Arts, Leeds – Restaurant Review
by Richard Mansfield
A midweek evening in late July during a nationwide heatwave and an early 6pm sitting at Arts (or Arts Café as it is sometimes called) on the edge of Leeds’ retail district. The location, on Call Lane, is perhaps less than glamorous, but the very facade of this restaurant offers a lift to the street and is enticing to passers-by. On such a warm evening it is unfortunate that there isn’t an opportunity to dine al fresco; somewhat perversely it is the pavement opposite that has been widened and enables this facility.
This restaurant first opened twenty-five years ago and so must be considered to be well-established and to have developed a sufficient reputation to thrive as an independent business catering to those with a discerning palate. Competing in a city with a thriving, but ultra-competitive restaurant culture, it is clear that Arts must be doing things right.
“Intimate and buzzy”
The interior, offering about twenty tables is in what seems now to be modern style with wooden floor, high ceiling, subtle décor and sensible lighting. The low panelling is painted with one of those attractive rural colours that could have come straight from the Farrow and Ball catalogue. The walls above are light and neutral in tone, offering a suitable background for the art hung there. Indeed, a feature here is that local artists are offered six week hangs to exhibit their work and this restaurant can probably claim to be one of the fore-runners to what it is an increasingly common phenomenon within many eateries now of having changing art to grace their walls.
We were the first customers for the evening but before long two further tables were taken, each individually, suggesting it was a place in which patrons were comfortable to dine alone as well as in company. With music, distinctive and far from ‘musak’ style and provided at an appropriate sound level, conversation was easy.
On a busier day, one could imagine this being an intimate and buzzy setting for a meal prior to a theatre or a show or for just a long evening with friends enjoying some of the ‘good-life’.
And so… to the wine and the food. As claimed, the menu is eclectic and we found it both interesting and adventurous. Generously this evening, we were not restricted to the a la carte or the set menus.
The wine list offers a sufficiently wide range of whites, reds and two rosé. We plumped separately for a glass of the Rioja Tempranillo and one of the Sartori Pinot Grigio which set up our taste buds nicely for the food to come.
For starters my companion opted for Gin cured Salmon, Cucumber, Borage and Wasabi (GF) and my choice was Pressed Chicken and Tarragon with Pickled Yorkshire Asparagus. Each dish offered strong and yet complementary flavours and the tarragon pretty much stole the show for me in what was a lovely dish, with the wasabi doing very much the same across the table.
For those with dietary considerations, of the seven starters available ‘A La Carte’ four are gluten free, one is vegetarian and one is vegan. With the ‘Set Menu’ four options are offered, all of which are gluten free, and of those two are also vegetarian friendly.
Portion size felt to be spot on, offering a sufficiency that was not going to fill you out as plates such as anti-pasta can do sometimes before you get down to the real business of the main course.
Eight main courses are available ‘A La Carte’, from which one is offered as gluten free, one vegetarian and one vegan. For the ‘Evening Set’ menu four mains are offered, with one of them being vegetarian, vegan or gluten free.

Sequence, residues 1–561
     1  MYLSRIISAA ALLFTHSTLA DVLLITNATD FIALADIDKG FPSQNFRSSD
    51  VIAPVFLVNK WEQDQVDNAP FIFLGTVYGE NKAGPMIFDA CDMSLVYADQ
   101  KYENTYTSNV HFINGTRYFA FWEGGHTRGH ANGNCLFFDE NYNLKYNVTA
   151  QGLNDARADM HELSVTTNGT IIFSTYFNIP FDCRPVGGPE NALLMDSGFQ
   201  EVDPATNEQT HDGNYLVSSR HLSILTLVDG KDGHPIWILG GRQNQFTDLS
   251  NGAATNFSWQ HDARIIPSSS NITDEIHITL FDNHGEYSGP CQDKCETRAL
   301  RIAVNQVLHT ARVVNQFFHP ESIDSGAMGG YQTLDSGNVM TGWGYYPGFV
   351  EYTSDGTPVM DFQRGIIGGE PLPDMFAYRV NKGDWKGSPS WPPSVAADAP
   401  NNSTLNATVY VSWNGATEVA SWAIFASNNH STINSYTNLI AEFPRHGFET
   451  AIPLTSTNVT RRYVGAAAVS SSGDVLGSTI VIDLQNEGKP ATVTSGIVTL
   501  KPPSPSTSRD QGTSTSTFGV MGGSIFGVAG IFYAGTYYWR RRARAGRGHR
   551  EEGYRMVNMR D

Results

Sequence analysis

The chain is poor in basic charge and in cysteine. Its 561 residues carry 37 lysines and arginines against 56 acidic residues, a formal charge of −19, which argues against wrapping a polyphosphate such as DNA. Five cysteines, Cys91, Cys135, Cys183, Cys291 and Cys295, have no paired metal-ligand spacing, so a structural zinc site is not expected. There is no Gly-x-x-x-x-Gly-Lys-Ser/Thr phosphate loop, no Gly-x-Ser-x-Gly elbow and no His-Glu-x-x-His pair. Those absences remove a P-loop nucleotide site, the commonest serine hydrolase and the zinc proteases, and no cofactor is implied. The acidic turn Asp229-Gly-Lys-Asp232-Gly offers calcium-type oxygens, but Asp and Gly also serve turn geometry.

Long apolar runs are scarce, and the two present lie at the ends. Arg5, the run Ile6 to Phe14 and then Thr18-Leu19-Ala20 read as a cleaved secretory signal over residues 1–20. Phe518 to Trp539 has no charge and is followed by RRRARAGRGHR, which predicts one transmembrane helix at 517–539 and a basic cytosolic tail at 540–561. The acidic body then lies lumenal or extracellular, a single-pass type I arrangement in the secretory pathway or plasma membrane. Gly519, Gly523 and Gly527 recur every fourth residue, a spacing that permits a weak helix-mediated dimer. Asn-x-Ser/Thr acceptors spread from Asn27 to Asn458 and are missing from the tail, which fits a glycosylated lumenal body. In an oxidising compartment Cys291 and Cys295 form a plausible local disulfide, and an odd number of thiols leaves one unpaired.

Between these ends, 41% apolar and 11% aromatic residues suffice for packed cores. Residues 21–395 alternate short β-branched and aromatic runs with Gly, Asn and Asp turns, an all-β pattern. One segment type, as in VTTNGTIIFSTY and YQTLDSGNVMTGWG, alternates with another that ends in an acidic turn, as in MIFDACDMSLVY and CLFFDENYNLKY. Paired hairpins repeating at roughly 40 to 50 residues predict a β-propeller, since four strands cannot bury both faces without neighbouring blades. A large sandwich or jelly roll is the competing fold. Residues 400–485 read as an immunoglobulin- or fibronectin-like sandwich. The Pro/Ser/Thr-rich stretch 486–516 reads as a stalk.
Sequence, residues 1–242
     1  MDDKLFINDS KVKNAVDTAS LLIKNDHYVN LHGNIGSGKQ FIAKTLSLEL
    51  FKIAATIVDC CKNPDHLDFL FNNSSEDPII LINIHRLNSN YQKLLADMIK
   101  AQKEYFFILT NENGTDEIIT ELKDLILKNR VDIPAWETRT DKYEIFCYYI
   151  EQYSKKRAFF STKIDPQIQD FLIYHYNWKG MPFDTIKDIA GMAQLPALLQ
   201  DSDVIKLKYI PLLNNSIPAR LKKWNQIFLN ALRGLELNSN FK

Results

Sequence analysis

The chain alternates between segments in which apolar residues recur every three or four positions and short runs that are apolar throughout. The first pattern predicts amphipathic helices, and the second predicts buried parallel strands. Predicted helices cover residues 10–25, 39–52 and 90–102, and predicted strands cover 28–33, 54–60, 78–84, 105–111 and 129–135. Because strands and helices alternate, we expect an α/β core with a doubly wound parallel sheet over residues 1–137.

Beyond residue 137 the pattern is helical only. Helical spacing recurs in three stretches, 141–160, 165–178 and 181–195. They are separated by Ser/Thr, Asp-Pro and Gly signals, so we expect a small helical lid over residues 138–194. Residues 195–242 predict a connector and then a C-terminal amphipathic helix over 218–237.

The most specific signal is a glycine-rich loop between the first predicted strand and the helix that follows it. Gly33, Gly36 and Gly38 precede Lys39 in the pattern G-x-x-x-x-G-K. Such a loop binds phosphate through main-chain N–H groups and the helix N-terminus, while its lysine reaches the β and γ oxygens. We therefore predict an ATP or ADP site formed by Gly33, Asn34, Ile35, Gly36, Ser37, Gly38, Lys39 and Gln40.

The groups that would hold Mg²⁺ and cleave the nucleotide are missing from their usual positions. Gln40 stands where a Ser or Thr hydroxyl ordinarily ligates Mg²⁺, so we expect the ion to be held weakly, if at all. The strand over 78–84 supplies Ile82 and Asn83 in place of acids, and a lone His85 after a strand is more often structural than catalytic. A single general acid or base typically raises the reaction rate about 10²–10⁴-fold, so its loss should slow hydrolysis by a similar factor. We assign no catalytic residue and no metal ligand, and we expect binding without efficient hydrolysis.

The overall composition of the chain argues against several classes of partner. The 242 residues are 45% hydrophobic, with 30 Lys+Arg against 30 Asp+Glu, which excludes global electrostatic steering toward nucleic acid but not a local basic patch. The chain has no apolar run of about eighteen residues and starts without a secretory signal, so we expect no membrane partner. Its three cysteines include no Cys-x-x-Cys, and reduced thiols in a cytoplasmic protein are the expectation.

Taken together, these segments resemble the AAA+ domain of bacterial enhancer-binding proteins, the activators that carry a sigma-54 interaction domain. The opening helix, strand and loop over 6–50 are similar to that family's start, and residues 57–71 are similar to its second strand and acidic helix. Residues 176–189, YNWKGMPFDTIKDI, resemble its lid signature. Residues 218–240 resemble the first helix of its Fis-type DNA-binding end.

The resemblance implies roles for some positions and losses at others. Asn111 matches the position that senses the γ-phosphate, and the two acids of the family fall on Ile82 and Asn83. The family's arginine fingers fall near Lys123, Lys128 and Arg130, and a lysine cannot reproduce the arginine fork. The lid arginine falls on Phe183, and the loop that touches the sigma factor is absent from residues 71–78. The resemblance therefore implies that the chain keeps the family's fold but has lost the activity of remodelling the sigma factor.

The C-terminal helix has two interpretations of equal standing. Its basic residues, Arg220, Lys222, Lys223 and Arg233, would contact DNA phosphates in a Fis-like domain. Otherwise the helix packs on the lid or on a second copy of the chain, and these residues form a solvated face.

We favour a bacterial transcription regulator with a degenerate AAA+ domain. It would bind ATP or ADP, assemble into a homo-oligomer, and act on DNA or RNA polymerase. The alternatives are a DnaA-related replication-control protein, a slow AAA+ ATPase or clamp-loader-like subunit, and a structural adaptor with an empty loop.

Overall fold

Our selections for mains were Gloucester Old Spot Pork Ribeye, Hispi Cabbage, Summer Savoury and Peach for my companion, while I opted for the vegan Heritage Carrot Tartine, Old Winchester, Watercress and Hazelnut.
We shared two side orders though, in hindsight, the selections themselves seemed sufficient in terms of both portion size and variety of flavour on the plate. One selected was Potatoes with Summer Savoury and Shallot Butter and the other Seasonal vegetables with Sesame, Chilli and Ginger.
Everything met with our approval. The pork was succulent, with a comfortable texture and the tartine was a delight, although the watercress seemed to become a bit chewy – maybe because I am a slow eater these days.
Each dish was presented beautifully, almost as a pieces of art in themselves attempting to compete with the pictures hung on the walls. Certainly, everything was justifying the venue’s reputation.
Finally, onward to dessert. Six offered ‘A La Carte’, four of which vegetarian and one vegan, but no gluten free option here. For the ‘Set menu’ three selections are available, all of which are suitable for vegetarian diets. We chose to share Apricot and Cardamom Cheesecake. It didn’t disappoint! And the intensity of the apricot sauce, both sweet and sharp, brought that bit of extra flavour and satisfaction to the dish.
Joe and Jess, on our evening there, were attentive, helpful and courteous in a timely and unhurried way and contributed to a patient comfortable atmosphere in which to eat and talk. The venue is confident in its style, not quite shabby chic or French as such but something close to it, with a pleasing air of eccentricity. But the food itself is really the star of it all, as it should be. The menu is very far from ‘run of the mill’ and offers good value (£17 for two courses and £21 for three on the evening set) for an array of tempting and quality choices.
The chef, Simon Turner, has definitely ‘curated’ a notable and enterprising summer menu. Indeed the menu, as offered, strikes me as bold, innovative and very well presented.
Arts, 42 Call Lane, Leeds